A new subtype of multiple sclerosis, called myelocortical MS, has been discovered by researchers at Cleveland Clinic.
Multiple sclerosis (MS) has long been characterized as a disease of the brain’s white matter, where immune cells destroy myelin — the fatty protective covering on nerve cells. The destruction of myelin (called demyelination) was believed to be responsible for neuron death that leads to irreversible disability in patients with MS.
However, in the new findings, a research team led by Bruce Trapp, Ph.D., identified for the first time a subtype of the disease that features neuronal loss but no demyelination of the brain’s white matter. The findings could potentially lead to more personalized diagnosis and treatments.
Myelocortical MS (MCMS), was indistinguishable from traditional MS on MRI. The researchers observed that in MCMS, part of the neurons become swollen and look like typical MS lesions indicative of white matter myelin loss on MRI.
The disease was only diagnosed in post-mortem tissues.
The team’s findings support the concept that neurodegeneration and demyelination can occur independently in MS and underscore the need for more sensitive MRI imaging techniques for evaluating brain pathology in real time and monitoring treatment response in patients with the disease.
“This study opens up a new arena in MS research. It is the first to provide pathological evidence that neuronal degeneration can occur without white matter myelin loss in the brains of patients with the disease. This information highlights the need for combination therapies to stop disability progression in MS,”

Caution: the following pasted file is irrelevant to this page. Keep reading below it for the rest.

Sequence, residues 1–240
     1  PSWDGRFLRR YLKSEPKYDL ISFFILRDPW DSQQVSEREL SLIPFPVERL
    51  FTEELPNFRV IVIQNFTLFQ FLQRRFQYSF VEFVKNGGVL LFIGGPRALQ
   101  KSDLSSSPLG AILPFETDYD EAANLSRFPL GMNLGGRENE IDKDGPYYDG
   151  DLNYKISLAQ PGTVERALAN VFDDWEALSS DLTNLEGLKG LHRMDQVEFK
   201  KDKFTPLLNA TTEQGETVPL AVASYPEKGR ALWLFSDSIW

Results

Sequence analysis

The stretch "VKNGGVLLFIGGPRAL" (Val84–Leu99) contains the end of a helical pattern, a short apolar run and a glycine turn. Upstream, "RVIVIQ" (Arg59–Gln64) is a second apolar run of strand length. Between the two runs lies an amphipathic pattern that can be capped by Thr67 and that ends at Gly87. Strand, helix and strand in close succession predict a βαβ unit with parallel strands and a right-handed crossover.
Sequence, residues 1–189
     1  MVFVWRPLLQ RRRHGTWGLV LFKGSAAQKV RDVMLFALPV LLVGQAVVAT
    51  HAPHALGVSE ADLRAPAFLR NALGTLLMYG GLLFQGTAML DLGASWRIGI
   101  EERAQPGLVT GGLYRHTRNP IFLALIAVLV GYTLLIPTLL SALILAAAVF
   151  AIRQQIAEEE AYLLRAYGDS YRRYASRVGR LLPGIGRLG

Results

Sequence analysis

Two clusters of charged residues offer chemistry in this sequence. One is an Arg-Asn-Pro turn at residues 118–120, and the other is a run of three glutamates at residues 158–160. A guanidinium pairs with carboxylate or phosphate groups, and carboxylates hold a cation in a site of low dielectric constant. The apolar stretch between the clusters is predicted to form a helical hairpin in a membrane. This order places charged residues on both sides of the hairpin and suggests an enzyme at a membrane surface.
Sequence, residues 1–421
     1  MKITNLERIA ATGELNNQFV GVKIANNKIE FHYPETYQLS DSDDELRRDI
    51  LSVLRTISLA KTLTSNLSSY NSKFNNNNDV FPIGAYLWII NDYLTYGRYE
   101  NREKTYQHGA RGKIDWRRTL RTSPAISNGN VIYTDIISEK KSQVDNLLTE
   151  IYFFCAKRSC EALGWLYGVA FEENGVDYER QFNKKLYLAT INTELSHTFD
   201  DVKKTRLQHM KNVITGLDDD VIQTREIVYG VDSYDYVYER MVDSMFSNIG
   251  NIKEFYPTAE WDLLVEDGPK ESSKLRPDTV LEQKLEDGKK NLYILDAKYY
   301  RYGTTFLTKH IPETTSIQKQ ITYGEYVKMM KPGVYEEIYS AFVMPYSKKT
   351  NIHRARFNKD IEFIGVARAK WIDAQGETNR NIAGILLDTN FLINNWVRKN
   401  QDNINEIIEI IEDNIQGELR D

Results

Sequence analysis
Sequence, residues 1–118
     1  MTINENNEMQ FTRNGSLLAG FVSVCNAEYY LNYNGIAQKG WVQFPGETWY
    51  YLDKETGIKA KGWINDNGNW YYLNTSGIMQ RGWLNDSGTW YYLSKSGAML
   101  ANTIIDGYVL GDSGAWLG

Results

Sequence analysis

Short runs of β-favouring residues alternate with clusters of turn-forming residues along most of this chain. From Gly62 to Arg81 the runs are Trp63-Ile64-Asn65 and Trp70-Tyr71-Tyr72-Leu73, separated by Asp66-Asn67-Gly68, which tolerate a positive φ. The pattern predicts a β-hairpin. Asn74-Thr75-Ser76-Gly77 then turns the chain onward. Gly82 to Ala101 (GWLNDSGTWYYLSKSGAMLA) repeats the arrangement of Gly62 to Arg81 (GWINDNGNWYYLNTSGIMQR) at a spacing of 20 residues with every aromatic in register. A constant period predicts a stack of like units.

said Trapp, chair of Cleveland Clinic’s Lerner Research Institute Department of Neurosciences.
White Matter Lesions
In the study of brain tissue from 100 MS patients who donated their brains after death, the researchers observed that 12 brains did not have white matter demyelination. They compared microscopic tissue characteristics from the brains and spinal cords of 12 MCMS patients, 12 traditional MS patients and also individuals without neurological disease.
Although both MCMS and traditional MS patients had typical MS lesions in the spinal cord and cerebral cortex, only the latter group had MS lesions in the brain white matter.
Despite having no typical MS lesions in the white matter, MCMS brains did have reduced neuronal density and cortical thickness, which are hallmarks of brain degeneration also observed in traditional MS. Contrary to previous belief, these observations show that neuronal loss can occur independently of white matter demyelination.
“The importance of this research is two-fold. The identification of this new MS subtype highlights the need to develop more sensitive strategies for properly diagnosing and understanding the pathology of MCMS. We are hopeful these findings will lead to new tailored treatment strategies for patients living with different forms of MS,”
said Daniel Ontaneda, M.D., clinical director of the brain donation program at Cleveland Clinic’s Mellen Center for Treatment and Research in MS.
Prof Bruce D Trapp Megan Vignos, Jessica Dudman, Ansi Chang, Elizabeth Fisher, Susan M Staugaitis, PhDHarsha Battapady, Prof Sverre Mork, Daniel Ontaneda, Prof Stephen E Jones, Prof Robert J Fox, Jacqueline Chen, Kunio Nakamura, Prof Richard A Rudick
Cortical neuronal densities and cerebral white matter demyelination in multiple sclerosis: a retrospective study
Lancet Neurology DOI:https://doi.org/10.1016/S1474-4422(18)30245-X
Image: Wellcome Images. CC BY